Academic journal article Atlantic Economic Journal

The General Theory: Fabrication or Revolution?

Academic journal article Atlantic Economic Journal

The General Theory: Fabrication or Revolution?

Article excerpt

L.E. Johnson (*)

Thomas Cate (**)

David Laidler, 1999, pp. 377

Introduction

In The Golden Age of the Quantity Theory [1991], David Laidler traces the development of macroeconomic thought up to World War I. This paper, however, focuses on Laidler's recent book, Fabricating the Keynesian Revolution [Cambridge University Press, 1999, pp. 3-380], where Laidler takes up the story from the First World War to the formulation and spread of the IS-LM model. He argues that this model permitted the economics profession to rationally examine the issues of economic stability, fostering the development of modern macroeconomics. The General Theory [1936] was merely one small step in the development of the IS-LM model, hence in the emergence of modern macroeconomics.

One cornerstone of Laidler's book is the masterful survey of the ideas of various schools of macroeconomic thought during the inter-war period. The debate among the Wicksellians, the Austrians, the Stockholm School, the Marshallian tradition in Britain, and the various American streams of thought is the subject of Chapters 2-9. Laidler is to be commended for the quality of scholarship exhibited in these chapters.

This review will not focus on the first cornerstone of Laidler's book, but rather on its second cornerstone, which centers on the issue of whether there was a Keynesian Revolution. Laidler [pp. 3-4] argues:

"It is the contention of this book that there was no overthrow of an old economic orthodoxy after 1936.... The years between the wars saw an intense debate among competing schools of thought.... [and economics] acquired a new formal model, around which there would, in due course, develop an orthodox body of analysis called macroeconomics.

Chapter 10 reviews the principal points of the General Theory, while Chapter 11 examines the initial reactions to it. Some thought that the General Theory was interesting, others believed parts of the book's theoretical model to be inaccurate, but all of the reviewers cited by Laidler agreed the book was not revolutionary. At first glance, one might conclude that it is questionable whether there was anything original in Keynes' book [Hartley, 1999, p. 1709]. Thus, Laidler's first principal conclusion is that the notion of a "Keynesian Revolution is unfounded.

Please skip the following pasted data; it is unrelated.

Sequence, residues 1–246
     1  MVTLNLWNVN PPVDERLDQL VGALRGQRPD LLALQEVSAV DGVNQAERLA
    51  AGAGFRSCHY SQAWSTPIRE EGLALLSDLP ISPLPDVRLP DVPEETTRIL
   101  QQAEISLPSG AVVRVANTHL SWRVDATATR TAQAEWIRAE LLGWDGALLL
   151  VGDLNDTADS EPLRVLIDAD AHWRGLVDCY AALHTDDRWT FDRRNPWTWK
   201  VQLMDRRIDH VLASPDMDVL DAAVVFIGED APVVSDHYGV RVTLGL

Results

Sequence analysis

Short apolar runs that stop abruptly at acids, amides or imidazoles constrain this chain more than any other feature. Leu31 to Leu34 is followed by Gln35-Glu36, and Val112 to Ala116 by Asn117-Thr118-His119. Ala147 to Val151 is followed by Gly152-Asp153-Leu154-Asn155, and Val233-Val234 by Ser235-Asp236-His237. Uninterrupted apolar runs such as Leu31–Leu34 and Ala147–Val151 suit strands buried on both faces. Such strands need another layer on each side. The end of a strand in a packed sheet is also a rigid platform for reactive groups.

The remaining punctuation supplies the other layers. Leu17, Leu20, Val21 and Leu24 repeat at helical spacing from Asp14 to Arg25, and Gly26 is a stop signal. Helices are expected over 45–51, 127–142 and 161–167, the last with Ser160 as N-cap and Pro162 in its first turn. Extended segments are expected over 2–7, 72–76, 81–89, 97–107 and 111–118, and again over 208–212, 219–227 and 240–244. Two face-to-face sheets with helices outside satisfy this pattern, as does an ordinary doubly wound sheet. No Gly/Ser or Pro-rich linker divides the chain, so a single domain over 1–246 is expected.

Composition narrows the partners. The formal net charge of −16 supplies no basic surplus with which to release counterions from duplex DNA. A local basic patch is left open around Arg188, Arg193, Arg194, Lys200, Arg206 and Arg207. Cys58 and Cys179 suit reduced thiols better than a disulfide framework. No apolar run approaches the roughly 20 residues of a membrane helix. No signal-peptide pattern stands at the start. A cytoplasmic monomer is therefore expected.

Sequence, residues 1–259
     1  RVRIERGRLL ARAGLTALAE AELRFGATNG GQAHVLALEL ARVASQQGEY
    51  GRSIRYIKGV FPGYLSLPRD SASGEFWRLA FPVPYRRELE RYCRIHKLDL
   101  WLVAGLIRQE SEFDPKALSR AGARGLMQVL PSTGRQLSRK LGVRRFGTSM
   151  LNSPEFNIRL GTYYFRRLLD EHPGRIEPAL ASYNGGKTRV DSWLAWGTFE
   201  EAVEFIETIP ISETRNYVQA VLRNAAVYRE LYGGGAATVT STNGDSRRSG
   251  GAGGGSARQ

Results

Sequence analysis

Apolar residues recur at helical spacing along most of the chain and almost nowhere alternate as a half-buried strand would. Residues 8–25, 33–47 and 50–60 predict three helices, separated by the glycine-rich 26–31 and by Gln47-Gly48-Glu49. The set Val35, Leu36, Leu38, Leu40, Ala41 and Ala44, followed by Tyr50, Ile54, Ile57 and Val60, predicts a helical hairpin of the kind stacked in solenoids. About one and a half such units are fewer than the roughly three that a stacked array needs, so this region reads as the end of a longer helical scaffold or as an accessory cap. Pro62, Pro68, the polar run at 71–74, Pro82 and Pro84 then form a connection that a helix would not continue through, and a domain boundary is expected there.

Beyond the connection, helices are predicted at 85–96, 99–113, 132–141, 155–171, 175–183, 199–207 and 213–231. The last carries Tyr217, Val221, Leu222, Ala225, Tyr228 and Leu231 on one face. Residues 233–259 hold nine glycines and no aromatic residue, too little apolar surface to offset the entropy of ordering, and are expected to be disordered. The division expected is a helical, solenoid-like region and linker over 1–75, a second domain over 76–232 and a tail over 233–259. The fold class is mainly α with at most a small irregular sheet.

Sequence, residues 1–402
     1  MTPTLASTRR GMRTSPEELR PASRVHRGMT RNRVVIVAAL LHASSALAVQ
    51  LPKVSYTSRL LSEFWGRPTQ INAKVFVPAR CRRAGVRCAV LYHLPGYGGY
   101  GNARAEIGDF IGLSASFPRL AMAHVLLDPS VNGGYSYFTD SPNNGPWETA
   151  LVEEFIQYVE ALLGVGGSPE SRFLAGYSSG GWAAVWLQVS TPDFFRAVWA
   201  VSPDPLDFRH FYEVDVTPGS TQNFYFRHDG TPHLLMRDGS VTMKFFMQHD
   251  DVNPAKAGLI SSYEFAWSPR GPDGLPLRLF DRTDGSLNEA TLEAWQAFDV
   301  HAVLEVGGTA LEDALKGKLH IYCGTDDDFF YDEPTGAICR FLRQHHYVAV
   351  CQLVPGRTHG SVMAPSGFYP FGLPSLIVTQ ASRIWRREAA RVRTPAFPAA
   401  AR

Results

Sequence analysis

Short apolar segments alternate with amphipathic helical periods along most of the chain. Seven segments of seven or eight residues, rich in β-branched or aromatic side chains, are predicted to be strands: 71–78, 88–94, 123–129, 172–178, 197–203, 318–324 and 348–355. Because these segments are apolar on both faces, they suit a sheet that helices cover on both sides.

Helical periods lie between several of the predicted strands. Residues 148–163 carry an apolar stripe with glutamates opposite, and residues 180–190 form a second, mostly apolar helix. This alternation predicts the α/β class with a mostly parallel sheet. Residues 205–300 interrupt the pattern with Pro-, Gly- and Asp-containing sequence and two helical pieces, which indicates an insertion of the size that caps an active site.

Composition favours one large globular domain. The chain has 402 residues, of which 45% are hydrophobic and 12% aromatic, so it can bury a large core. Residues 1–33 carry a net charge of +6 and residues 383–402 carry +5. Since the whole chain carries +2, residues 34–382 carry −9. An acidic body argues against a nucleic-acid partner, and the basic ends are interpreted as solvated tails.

Laidler's view in this regard is reflected by his questionable analogy to European Christianity [p. 4].

"...if the state of economics before 1936 more closely resembled the state of European Christianity in the early sixteenth century than the state of the French Monarchy before 1789, then the development of economics after 1936 also bears more resemblance to a successful counter-reformation than to a triumphant revolution."

The authors suggest that Laidler's analogy is misapplied. Just as Martin Luther's thesis signaled the beginning of the Protestant Reformation and the demise of the then dominant orthodoxy of the Catholic Church, (1) so to the publication of the General Theory signaled the beginning of the Keynesian Revolution and the demise of the dominant orthodoxy of neoclassical economics. In each case, there was a pre-existing dominant orthodoxy that was successfully challenged and overthrown.

Chapters 12 and 13 trace the development of the IS-LM model, with particular emphasis given to Reddaway [1936], Hicks [1937], and Meade [1937]. Here Laidler brings together the various threads of his argument and shows how the IS-LM model "...represented a synthesis, albeit a very selective synthesis, of theoretical ideas which long antedated its appearance and which had underpinned the policy attitude in question" [Laidler, pp. 324-325]. Thus, Laidler's second principal conclusion is that the break that occurred in the profession should be associated with the adoption of the IS-LM model, and not with the publication of the General Theory.

This review questions Laidler's primary conclusions and argue that the evidence supports the existence of the revolution wrought by Keynes' General Theory. …

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